INSTRUMENT REPAIR & RESTORATION

Alternate Career Titles:

Instrument Repair Expert, Instrument Restoration

Career Overview: Repairs/Restores musical equipment that is broken, scratched, or is not working.

Career Salary Range: $9 to $55+ an hour

Become an Instrument Repair and Restoration Specialist

Career Description

Instrument Repair and Restoration Specialists usually thoroughly enjoy playing, hearing, and learning about the construction of instruments. When an instrument is damaged or broken, it is the Instrument Repair and Restoration specialists’ main responsibility to restore it. He or she usually specializes in a particular type of instrument like strings, piano, organ, brass, or percussion instruments. Sometimes, the Specialist will find they need a part for an older instrument that isn’t even made anymore, in which case they need to create and build new parts.

It is common for many Repair and Restoration Specialists to know how to play a variety of instruments, which is helpful in repairing or restoring an instrument to its original state. He or she can work in a music store, factory, or school, where the individual is paid a weekly salary or commission or works by the hour. They can even work in a museum, where he or she can restore instruments from earlier time periods. As more knowledge and experience is acquired, he or she might decide to work for themselves as a self-employed Instrument Repair and Restoration Specialist.

The Instrument Repair and Restoration Specialist might turn to building, designing, or supervising the production of instruments for manufacturers, shops, or individuals, in addition to their repair work.

Salary

Due to a shortage of Instrument Repair and Restoration Specialists, salaries can be quite high. Of course, the salary amount still depends on the experience level of the Repair and Restoration Specialist, and the geographic location where the Specialist lives and works. All things considered, he or she might earn between $25,000 and $100,000 plus annually. If the instrument is rare or difficult to repair, one can even earn $250 or more per hour.

Employment

As mentioned, the shortage in skilled Specialists translates into a lot of opportunity for the talented applicant.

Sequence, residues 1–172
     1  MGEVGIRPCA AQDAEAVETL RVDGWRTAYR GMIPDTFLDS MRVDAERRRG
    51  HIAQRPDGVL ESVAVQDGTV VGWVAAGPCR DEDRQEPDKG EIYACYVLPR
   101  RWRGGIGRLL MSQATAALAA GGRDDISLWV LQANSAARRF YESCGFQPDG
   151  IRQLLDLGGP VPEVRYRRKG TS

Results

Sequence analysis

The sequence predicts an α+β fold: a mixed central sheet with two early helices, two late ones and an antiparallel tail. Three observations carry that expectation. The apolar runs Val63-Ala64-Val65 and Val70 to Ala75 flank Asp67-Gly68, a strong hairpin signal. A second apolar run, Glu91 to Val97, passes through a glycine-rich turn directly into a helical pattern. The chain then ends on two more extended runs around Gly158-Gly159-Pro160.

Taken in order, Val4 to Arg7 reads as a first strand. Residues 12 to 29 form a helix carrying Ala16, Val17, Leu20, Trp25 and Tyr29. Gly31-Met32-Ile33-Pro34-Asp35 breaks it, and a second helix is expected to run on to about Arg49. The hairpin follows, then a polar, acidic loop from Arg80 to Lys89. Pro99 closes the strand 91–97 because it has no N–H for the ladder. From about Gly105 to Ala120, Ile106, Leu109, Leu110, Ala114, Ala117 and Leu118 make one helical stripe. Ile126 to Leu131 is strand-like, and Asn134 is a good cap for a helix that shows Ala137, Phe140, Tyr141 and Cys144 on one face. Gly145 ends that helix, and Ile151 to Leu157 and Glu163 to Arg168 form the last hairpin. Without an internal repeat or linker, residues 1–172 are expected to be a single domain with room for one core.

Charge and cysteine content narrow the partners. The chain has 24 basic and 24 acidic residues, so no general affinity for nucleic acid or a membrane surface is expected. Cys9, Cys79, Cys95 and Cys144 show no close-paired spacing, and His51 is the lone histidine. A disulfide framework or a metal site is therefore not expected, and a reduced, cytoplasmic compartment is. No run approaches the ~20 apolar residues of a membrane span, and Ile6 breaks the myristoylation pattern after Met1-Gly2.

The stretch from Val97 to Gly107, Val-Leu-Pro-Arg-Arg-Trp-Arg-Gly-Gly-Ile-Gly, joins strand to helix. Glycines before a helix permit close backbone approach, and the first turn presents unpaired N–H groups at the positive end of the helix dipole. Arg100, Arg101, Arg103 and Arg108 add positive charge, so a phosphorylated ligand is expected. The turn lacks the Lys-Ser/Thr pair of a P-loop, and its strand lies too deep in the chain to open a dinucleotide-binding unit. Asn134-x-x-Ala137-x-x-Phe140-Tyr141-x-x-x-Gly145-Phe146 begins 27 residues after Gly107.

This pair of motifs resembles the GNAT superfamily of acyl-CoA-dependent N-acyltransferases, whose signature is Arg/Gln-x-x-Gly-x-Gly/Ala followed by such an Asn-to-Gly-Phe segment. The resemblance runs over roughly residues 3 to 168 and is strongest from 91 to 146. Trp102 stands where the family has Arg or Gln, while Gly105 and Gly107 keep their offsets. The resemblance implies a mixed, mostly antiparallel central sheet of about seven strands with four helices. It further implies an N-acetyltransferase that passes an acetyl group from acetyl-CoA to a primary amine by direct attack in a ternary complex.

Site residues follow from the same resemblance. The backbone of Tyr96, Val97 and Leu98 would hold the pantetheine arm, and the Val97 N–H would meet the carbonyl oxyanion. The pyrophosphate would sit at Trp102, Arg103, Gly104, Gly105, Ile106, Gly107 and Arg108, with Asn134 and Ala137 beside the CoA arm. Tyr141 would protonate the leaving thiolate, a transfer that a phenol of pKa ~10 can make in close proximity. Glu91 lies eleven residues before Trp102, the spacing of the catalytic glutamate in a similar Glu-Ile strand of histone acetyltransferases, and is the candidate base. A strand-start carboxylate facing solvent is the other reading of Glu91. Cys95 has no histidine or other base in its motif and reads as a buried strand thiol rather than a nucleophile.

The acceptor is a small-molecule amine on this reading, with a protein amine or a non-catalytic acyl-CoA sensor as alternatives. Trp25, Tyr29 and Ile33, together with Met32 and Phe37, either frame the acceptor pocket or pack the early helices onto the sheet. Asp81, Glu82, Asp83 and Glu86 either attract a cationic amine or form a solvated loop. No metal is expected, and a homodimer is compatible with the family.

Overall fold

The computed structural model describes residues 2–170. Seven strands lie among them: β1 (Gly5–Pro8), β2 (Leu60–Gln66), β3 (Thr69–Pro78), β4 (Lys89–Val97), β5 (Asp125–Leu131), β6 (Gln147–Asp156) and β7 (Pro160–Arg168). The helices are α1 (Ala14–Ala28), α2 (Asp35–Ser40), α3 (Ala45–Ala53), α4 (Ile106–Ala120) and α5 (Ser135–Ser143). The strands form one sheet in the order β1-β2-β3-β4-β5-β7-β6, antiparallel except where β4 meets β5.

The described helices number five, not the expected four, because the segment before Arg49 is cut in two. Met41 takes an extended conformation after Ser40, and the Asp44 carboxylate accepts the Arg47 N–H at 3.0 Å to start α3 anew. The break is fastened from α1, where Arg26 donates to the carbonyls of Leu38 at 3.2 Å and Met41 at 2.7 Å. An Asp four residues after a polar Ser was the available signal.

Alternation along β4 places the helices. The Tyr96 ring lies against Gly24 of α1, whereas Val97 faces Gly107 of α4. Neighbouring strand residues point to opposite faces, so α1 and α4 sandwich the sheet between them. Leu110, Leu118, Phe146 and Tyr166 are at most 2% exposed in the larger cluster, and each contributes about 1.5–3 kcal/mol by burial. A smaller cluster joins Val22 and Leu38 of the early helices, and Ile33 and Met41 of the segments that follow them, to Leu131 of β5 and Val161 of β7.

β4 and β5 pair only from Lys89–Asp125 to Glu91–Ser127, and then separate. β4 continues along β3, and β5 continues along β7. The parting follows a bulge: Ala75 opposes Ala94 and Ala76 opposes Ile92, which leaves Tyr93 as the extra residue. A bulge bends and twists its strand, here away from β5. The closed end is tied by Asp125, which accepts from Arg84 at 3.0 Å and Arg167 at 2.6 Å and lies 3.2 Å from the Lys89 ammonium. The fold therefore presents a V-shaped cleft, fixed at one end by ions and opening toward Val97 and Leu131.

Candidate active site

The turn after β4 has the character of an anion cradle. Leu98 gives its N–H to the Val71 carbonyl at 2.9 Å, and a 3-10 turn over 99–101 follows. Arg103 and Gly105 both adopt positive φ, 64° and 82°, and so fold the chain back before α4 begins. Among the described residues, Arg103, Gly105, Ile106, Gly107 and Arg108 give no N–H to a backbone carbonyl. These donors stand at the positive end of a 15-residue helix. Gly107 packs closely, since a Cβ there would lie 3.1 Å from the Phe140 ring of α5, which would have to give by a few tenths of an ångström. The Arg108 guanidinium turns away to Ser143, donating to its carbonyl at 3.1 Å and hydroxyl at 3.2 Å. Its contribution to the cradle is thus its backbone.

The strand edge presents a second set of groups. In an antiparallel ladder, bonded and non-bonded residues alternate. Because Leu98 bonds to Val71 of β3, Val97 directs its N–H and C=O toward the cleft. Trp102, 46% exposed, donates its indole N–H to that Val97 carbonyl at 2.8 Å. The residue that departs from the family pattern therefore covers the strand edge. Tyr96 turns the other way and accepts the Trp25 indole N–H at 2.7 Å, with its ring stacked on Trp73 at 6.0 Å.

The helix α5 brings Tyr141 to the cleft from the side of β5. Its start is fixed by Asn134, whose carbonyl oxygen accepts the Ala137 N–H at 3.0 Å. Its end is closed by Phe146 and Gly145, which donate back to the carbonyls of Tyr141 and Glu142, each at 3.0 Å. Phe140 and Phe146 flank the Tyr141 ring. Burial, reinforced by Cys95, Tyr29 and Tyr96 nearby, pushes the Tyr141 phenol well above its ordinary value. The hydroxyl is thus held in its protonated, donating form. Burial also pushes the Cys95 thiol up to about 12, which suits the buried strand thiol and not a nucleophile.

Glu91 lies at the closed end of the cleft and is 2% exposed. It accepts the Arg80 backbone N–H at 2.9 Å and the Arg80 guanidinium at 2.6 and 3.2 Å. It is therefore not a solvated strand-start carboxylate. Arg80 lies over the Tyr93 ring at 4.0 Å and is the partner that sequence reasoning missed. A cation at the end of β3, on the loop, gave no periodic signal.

Advancement

Once an individual has been trained in the craft of instrument repair and restoration, he or she must find a skilled craftsman or craftswoman to work with as an apprentice – a training period which usually lasts between 2 and 5 years. After the apprenticeship, the Instrument Repair and Restoration Specialist might work in a shop and then they might move on to become self-employed.

Education and Training

To become a Specialist, one needs appropriate training in instrument technology and repair. A knowledge of woodworking and/or metalworking is also required, which is acquired usually in high school. One can also find additional training at many technical schools and colleges. To be a good Instrument Repair and Restoration Specialist, one must know how to play a variety of instruments.

Experience, Skills, and Personality

As mentioned, one must serve as an apprentice to a talented individual, which usually lasts between two to five years. The Instrument Repair and Restoration Specialist needs a good musical ear, and must have a total dedication to learning the craft, showing a great deal of patience and above average mechanical ability.

Unions and Associations

Individuals can belong to the Acoustical Society of America (ASA), the National Council of Acoustical Consultants (NCAC), the Piano Technicians’ Guild (PTG), or the Electronic Industries Alliance (EIA).

Suggestions for Getting Started

  • Find an instrument repair and restoration shop to apply for a job at any level, so you can watch, learn, and gain experience.
  • Become skilled in as many repairs as possible by learning to do minor repairs, such as changing or replacing strings on stringed instruments.
  • Network by joining professional organizations.

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